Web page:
Forecasts and Planning Tools

Seasonal to Interannual Forecasts

Extreme Weather: Background

The wintertime Pacific/North America (PNA) pattern is the dominant mode of seasonal/interannual variability over the Pacific/North America sector and the most predictable northern hemisphere circulation pattern at lead-times of 6-10 days (Renwick and Wallace 1995).

Using daily weather station data for 1948-1998 (October-March only), we have demonstrated strong associations between the statistics of extreme daily weather events (those days in which the parameter of interest is more than 1.5 standard deviations from the daily mean value) and the phase of the daily PNA index in coastal Alaska, the US Pacific Northwest, around the Great Lakes region, and in the Southeastern U.S. Parts of the Southeast, for example, have experienced extreme cold temperatures 4-8 times more frequently during positive PNA days, while parts of the western U.S. and coastal Alaska have experienced 8-20 times more extreme cold temperatures during negative PNA days (Figure 1).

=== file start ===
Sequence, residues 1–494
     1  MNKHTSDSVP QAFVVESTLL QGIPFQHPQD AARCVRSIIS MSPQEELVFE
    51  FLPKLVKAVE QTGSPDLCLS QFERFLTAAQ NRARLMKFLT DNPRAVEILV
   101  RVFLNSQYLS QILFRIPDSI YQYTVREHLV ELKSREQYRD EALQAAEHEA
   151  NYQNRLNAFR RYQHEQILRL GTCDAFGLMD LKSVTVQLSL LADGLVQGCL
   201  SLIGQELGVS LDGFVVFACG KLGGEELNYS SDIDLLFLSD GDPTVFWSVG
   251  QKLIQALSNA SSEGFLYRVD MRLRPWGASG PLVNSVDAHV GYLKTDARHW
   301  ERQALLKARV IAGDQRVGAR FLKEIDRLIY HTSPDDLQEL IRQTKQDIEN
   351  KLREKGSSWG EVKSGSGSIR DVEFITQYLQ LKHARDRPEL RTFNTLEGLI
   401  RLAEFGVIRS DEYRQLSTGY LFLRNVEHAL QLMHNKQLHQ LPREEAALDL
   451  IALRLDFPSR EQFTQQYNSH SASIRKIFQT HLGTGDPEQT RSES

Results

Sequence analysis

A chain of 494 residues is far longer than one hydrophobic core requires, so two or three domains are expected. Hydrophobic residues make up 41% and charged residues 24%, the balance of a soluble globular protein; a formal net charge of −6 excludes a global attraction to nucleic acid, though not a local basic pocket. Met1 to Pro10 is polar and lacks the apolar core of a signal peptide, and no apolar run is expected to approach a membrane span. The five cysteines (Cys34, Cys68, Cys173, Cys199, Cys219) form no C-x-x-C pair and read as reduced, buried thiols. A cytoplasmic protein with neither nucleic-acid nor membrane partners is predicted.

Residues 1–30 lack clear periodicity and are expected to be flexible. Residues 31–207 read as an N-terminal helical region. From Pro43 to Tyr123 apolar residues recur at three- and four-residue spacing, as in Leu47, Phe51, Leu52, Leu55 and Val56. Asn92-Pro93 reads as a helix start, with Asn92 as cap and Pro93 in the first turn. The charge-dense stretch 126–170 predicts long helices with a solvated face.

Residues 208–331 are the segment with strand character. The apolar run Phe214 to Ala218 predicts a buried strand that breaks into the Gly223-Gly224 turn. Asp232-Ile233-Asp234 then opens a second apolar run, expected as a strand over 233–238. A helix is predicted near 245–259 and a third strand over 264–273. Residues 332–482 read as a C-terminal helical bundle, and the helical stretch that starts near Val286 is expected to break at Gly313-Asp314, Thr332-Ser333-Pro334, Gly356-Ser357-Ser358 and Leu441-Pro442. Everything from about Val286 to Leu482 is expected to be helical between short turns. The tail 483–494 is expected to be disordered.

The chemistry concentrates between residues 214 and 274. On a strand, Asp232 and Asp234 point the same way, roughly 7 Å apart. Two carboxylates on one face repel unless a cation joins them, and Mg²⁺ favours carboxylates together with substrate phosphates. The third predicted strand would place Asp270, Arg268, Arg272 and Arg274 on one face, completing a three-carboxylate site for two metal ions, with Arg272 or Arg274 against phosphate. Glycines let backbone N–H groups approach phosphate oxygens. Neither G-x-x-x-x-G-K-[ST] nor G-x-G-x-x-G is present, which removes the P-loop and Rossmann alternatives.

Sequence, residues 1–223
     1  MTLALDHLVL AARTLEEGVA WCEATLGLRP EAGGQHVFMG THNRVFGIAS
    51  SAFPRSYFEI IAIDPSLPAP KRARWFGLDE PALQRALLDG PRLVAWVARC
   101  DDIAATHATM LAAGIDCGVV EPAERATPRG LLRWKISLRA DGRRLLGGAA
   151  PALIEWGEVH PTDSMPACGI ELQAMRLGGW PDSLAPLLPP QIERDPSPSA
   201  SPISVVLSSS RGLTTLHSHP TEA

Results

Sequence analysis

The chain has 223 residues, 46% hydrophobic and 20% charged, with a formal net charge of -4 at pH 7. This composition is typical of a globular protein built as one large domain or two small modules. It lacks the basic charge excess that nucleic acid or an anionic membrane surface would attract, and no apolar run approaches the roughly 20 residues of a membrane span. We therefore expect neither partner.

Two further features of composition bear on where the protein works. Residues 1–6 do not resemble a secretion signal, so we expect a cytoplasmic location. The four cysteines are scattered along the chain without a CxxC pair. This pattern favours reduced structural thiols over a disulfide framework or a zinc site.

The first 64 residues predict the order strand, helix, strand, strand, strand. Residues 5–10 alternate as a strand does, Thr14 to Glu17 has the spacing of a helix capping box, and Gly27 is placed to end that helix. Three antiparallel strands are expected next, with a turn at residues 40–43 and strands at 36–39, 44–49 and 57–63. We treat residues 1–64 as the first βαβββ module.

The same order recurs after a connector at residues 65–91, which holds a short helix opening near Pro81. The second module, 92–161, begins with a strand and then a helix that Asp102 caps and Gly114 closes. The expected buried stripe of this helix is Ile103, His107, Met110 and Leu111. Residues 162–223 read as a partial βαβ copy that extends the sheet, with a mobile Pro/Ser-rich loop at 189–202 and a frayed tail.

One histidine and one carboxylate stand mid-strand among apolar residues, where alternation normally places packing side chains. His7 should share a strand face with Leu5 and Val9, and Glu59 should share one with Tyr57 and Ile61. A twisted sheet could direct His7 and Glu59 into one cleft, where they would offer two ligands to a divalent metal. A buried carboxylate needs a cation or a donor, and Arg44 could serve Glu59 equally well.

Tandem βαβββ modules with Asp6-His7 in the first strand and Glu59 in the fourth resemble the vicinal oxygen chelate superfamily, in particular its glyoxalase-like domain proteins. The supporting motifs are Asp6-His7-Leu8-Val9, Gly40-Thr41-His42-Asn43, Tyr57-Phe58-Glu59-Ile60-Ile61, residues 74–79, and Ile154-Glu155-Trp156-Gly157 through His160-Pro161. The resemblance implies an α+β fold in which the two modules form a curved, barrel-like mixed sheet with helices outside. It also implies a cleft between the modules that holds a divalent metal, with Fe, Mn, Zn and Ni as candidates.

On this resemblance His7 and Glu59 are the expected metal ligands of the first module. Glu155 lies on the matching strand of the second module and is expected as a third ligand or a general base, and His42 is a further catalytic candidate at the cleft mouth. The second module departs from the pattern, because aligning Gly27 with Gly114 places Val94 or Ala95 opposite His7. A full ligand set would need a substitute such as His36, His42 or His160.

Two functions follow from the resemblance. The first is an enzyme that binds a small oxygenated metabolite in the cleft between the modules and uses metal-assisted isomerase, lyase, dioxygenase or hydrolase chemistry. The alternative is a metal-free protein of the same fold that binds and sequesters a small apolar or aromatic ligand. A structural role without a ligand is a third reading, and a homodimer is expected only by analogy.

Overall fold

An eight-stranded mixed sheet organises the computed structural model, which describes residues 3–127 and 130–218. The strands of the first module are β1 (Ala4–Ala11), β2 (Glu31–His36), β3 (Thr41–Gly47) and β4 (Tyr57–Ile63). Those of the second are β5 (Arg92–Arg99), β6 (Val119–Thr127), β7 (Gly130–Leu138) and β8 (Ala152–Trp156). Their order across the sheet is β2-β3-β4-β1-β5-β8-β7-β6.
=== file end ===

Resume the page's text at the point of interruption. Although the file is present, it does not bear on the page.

Similar analyses demonstrate the relationship between the PNA index and the relative frequencies of extreme daily precipitation, freezing temperature days, snow days, maximum temperatures, and surface wind gusts. This work shows that existing operational PNA forecasts (from NCEP) can be used to generate skilled extreme event risk forecasts for select locations at lead times up to two weeks.

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Map of the Pacific Northwest region of the United States, highlighting the Columbia River Basin

Figure 1 The statistics of extremely cold temperatures in relation to the daily PNA index. The red and blue dots indicate the relative frequency of extremely cold daily temperature minimums (more than 1.5 standard deviations from the daily mean) recorded during positive versus negative PNA days. Red (blue) wind barbs are anomalous surface winds on negative (positive) PNA days.